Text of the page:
Next morning, I rose in darkness and stamped my feet outside, warming my lungs with a cigarette and watching stars being extinguished by streaks of yellow and red, the colours a child might use to paint, forming in the sky to the east.
Two security men led the way, followed by Cruickshank and Morag with me and Starkey close behind. We ascended through a forest of Larch and Oak, the track twisting and turning as it shadowed a stream in the gorge below. Starkey was soon too knackered and went back down. By the time we were on the open hillside he was whispering directions in my ear, telling me where to point my camera.
‘Get closer. I want to hear what they’re saying.’ Ahead, Morag and Donald stopped by a large boulder which seemed to be spotted with blood.
‘Shit. What’s that?’ Starkey shouted in my ear.
‘Fuil nan sluagh,’ Donald said. ‘Blood of the Hosts. The souls of Highland warriors float over these hills, waiting for their sins to be forgiven. It’s their version of purgatory. Some nights they can be heard fighting and in the morning the rocks are spattered with blood.’ But as he spoke he rubbed at the surface of the rock. The wine coloured spots were only embedded crystals. Then they were off again, Morag and him, scampering upward. Near the top they sat down with the security men. I scrambled passed to the grassy summit. To the west a vertical cliff dropped a thousand feet to a dark loch. My camera followed Donald and Morag’s final ascent and watched as they clasped hands to move forward carefully, turning back to the camera at the cliff edge.
‘How does it feel to be free?’ I repeated Starkey’s question to them both.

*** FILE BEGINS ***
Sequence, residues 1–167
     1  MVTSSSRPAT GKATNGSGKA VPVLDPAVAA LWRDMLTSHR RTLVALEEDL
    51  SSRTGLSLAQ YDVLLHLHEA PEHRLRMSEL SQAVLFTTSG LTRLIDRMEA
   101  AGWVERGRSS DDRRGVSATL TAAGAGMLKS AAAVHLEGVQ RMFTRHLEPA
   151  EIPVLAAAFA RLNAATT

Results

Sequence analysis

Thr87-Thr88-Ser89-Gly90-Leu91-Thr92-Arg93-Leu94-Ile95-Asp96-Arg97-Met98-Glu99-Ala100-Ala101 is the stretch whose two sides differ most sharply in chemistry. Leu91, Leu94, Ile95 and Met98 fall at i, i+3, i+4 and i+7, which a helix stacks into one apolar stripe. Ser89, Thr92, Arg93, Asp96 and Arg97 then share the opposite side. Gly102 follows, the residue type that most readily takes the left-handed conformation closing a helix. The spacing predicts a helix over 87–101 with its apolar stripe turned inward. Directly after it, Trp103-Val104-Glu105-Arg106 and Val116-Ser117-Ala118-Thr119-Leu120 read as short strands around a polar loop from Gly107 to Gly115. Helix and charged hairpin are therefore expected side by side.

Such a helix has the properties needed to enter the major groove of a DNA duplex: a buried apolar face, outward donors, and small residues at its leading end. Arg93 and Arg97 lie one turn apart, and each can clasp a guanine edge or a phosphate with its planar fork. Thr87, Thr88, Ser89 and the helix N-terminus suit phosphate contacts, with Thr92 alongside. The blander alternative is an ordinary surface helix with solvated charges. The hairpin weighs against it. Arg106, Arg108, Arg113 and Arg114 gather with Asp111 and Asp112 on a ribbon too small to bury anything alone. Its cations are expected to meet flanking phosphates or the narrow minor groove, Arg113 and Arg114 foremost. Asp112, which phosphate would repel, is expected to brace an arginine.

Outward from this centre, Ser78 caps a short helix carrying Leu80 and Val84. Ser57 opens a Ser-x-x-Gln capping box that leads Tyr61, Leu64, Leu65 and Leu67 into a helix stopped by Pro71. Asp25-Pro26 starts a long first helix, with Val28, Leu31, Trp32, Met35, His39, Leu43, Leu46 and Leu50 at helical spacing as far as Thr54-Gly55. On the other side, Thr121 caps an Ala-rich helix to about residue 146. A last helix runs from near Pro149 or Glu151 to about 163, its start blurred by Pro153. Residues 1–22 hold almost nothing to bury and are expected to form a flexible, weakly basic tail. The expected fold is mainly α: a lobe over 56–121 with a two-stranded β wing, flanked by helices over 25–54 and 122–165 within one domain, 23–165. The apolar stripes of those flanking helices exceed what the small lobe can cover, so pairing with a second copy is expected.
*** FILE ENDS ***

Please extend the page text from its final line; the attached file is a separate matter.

‘It feels good to have climbed this mountain,’ Morag replied. But her husband was silent, staring in my direction and through the Canon lens as if he’d caught sight of something beyond.
‘And what is your view on the Corporation's plans for the future of our country, Mr Cruickshank?’ He had a copy of the agreed statement in his pocket, but didn’t reach for it.
‘The Corporation’s plans are too fearsome for us to face,’ he said, ‘but we have been happy citizens of this great state and it is no hardship that nature, who brought us here, now allows us the freedom to leave.’
Starkey understood what was going to happen before I did. The security guys were thirty yards downhill and not paying attention anyway.
‘Switch the camera off, John,’ he whispered in my ear as Morag stepped in close to Cruickshank. In a quick movement he lifted her up, one arm around her back, the other under her thighs. She wrapped her arms around his neck, resting her cheek against his chest, whispering to him. Then he spun round and stepped out over the cliff edge. I held the camera very still for a moment, contemplating a space that was now empty and silent.
‘Cut that shot!’ Starkey screamed and I staggered back and fell to my knees. I pulled my earphones out, but kept hold of the camera as the whirrings of auto-focus began.
Somehow, amidst the stone and scree of that wind-blasted hill top a little scrap of life had taken root. A light breeze wafted the fragile flesh of a purple saxifrage, and then from nowhere a flash of orange and black. A pair of butterflies, Painted Ladies, settled together on the little plant, searching for nectar on their journey north. They danced with the wind on the trembling plant for a few seconds, but then were off, their solar powered wings fluttering over the cliff edge.
I sat for a time, my mind blank, staring at the sky, then wiped my eyes and started back down.
I didn’t know it then, but those butterflies, they flew on; onto all your screens, the New Campaign posters. They sunk the Corporation and scrapped the Zone, saved our Healthcare, kick-started a society that works for everyone. And in my heart I know they’re flying still.